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As refugees continue to flee violence in the Central African Republic, UNHCR and partners renew appeal for more support

Briefing notes

As refugees continue to flee violence in the Central African Republic, UNHCR and partners renew appeal for more support

23 January 2015

Today, UNHCR and 18 partners are presenting the Regional Refugee Response Plan to assist more than 460,000 refugees from the Central African Republic who have fled to the neighbouring countries. The plan appeals for USD 331 million to provide, food, clean water, shelter, health, protection and other basic services to the CAR refugees in Cameroon, Chad, the Democratic Republic of the Congo and the Republic of the Congo.

Nearly 190,000 people have fled the country since the anti-Balaka militia overran the capital Bangui in December 2013. Before that, more than 230,000 people had already fled violence and lawlessness, bringing the total number of refugees from the Central African Republic to some 425,000. Nearly 10 percent of the Central African Republic's population of 4.5 million lives in exile.

UNHCR is extremely concerned that violence in the Central African Republic will continue and that the number of people forced to flee their homes will grow, possibly reaching 460,000 or even more by the end of the year.

Recently, violence in Kouango district, some 300 kms away from Bangui, sent thousands of refugees into the territory of Bosobolo in the extremely remote and inaccessible north of Equateur Province in the Democratic Republic of the Congo. While we have received reports of the arrival of 10,000 refugees since December, local government officials have registered up to 30,000. UNHCR and the Congolese National Commission for Refugees are currently on the ground to verify these numbers and register the new arrivals. Our teams are telling us that people continue to cross the Oubangui river on a daily basis. Refugees who manage to cross into the DRC are telling us stories of their villages being burnt, violence and murder. Some refugees arrive with bullet wounds.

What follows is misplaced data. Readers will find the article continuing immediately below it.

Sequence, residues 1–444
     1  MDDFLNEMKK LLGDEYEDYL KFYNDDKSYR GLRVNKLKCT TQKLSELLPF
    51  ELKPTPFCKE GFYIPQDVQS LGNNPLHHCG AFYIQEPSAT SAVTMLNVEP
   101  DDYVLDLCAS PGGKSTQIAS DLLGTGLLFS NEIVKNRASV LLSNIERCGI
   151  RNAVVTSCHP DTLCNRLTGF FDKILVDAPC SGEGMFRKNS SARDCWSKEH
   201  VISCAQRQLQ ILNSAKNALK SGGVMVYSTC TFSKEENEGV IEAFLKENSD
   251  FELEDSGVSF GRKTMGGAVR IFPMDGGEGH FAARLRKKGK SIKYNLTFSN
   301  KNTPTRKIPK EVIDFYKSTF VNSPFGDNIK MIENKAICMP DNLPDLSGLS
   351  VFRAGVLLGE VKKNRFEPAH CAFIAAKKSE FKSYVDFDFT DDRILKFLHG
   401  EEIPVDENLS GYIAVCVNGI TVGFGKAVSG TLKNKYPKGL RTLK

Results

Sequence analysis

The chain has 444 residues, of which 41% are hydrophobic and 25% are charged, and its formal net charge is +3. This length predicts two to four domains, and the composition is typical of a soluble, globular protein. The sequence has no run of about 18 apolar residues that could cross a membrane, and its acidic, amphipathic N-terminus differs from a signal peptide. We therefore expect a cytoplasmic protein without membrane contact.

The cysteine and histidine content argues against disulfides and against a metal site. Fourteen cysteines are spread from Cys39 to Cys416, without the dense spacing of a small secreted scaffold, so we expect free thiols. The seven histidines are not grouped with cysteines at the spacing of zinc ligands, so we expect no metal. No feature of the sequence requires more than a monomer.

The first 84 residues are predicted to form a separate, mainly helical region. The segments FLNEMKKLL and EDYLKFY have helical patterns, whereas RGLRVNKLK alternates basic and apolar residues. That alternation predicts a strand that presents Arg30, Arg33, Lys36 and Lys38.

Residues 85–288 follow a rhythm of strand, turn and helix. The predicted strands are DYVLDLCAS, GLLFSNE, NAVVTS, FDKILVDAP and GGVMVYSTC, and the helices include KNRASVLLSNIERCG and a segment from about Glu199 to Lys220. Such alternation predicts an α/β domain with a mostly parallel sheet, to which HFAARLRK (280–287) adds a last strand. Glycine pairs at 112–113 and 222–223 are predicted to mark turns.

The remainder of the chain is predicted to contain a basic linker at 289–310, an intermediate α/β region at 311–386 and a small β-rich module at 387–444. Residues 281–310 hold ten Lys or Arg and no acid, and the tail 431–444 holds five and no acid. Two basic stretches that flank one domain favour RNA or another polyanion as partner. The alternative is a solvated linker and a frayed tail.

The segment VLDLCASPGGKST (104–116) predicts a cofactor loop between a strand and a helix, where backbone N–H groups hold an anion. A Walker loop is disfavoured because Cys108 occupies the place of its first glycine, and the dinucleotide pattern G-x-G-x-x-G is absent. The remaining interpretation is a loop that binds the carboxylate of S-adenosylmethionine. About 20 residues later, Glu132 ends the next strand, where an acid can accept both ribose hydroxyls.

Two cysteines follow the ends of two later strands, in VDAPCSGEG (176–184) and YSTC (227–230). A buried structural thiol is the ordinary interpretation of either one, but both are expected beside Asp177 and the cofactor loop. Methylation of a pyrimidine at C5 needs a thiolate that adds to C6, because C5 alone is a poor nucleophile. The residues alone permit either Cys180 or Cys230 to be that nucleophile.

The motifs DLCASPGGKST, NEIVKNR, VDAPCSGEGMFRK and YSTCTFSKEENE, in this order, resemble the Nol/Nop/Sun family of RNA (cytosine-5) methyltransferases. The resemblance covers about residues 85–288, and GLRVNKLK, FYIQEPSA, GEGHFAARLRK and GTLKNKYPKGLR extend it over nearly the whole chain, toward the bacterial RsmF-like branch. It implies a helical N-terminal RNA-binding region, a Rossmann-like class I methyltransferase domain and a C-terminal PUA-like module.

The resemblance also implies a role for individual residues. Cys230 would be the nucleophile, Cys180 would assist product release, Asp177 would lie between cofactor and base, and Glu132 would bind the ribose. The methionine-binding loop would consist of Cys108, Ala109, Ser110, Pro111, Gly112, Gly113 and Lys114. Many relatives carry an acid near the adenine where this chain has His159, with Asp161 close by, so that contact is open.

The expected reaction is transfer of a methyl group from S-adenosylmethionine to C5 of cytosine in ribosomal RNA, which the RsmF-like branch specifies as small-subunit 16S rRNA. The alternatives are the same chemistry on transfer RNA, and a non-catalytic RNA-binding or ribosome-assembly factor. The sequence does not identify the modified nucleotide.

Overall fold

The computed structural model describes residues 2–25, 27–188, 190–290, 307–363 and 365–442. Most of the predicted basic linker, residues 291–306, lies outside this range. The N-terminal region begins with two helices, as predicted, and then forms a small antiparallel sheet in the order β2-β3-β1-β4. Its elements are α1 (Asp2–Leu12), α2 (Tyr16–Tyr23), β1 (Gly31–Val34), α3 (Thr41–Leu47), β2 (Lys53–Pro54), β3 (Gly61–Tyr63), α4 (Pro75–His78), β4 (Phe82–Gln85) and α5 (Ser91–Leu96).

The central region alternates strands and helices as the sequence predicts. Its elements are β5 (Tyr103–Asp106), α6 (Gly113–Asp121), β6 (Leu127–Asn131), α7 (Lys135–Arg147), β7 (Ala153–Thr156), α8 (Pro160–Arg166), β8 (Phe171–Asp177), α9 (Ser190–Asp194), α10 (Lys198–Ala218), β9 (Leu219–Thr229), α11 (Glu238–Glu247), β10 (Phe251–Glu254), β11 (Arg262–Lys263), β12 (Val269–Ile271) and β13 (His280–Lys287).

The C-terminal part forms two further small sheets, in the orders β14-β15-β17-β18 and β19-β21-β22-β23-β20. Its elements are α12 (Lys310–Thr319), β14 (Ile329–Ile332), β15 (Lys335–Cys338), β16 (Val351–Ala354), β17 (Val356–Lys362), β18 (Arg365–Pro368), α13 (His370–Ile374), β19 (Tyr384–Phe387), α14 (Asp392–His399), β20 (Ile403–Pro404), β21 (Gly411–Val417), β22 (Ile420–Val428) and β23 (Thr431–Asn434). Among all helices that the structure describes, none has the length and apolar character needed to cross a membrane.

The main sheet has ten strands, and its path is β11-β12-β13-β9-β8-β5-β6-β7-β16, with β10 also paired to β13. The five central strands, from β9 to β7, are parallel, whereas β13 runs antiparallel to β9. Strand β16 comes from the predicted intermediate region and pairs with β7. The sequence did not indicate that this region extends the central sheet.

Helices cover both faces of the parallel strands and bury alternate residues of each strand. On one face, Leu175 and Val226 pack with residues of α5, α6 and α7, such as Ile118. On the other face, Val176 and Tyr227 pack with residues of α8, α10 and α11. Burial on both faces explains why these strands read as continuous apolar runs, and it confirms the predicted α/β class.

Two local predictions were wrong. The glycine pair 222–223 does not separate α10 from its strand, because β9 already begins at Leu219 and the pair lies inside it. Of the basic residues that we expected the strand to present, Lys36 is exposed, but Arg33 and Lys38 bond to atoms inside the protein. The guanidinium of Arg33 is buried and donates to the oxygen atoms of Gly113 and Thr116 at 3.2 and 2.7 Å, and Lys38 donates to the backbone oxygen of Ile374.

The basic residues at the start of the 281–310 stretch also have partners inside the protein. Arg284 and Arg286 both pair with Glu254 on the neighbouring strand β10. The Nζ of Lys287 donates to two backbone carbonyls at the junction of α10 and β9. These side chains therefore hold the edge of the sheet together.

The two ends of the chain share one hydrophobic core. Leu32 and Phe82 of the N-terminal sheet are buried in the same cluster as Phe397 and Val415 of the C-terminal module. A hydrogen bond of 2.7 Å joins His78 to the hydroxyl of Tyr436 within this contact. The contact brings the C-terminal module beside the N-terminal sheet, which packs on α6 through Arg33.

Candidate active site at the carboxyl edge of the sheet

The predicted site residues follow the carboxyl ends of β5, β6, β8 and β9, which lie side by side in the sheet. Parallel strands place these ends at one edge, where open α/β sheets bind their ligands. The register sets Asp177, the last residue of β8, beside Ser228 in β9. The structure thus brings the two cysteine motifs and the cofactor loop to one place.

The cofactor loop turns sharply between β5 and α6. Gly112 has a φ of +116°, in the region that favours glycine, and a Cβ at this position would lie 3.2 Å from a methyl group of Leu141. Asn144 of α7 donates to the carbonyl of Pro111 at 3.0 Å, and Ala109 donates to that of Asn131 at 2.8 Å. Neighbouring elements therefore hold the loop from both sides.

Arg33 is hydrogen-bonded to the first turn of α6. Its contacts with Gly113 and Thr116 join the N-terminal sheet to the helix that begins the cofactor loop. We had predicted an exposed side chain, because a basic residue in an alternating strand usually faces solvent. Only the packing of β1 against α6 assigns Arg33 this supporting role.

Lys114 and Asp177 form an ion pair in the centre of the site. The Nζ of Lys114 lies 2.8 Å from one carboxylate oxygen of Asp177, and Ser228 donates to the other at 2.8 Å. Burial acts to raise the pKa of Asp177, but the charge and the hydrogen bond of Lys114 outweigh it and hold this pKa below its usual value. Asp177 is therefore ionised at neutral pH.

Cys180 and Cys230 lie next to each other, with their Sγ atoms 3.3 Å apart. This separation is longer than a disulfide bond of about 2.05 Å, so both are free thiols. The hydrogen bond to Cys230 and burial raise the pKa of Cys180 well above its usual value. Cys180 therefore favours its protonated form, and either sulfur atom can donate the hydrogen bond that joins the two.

Most of the newly arrived refugees have settled on the shores of the Oubangui River, but some others live on the small islands in the river. They live in makeshift shelters with limited access to health care and potable water. An emergency evaluation team, including several partners, just returned from the area and we are working on a plan to relocate the refugees away from the border, so that they are safer and can receive humanitarian assistance. During their mission, the evaluation team converted one of their cars into an ambulance to evacuate refugees with bullet wounds to the local hospital.

Most of the Central African refugees have fled to the north of Cameroon and Southern Chad, countries that are also receiving thousands of refugees fleeing violence in north-eastern Nigeria. In the meantime, more than 430,000 people remain internally displaced inside the Central African Republic

In 2014, UNHCR and partners appealed for USD 210 million under the CAR Regional Refugee Response Plan. That plan was funded at 57 per cent (USD 120 million), allowing humanitarian agencies to provide the most basic life-saving assistance to the refugees.

For more information on this topic, please contact:

  • In Kinshasa, Celine Schmitt on mobile +243 81 700 94 84
  • In Bangui, Dalia Al Achi on mobile +236 72675186
  • In Geneva, Karin de Gruijl on mobile +41 79 255 9213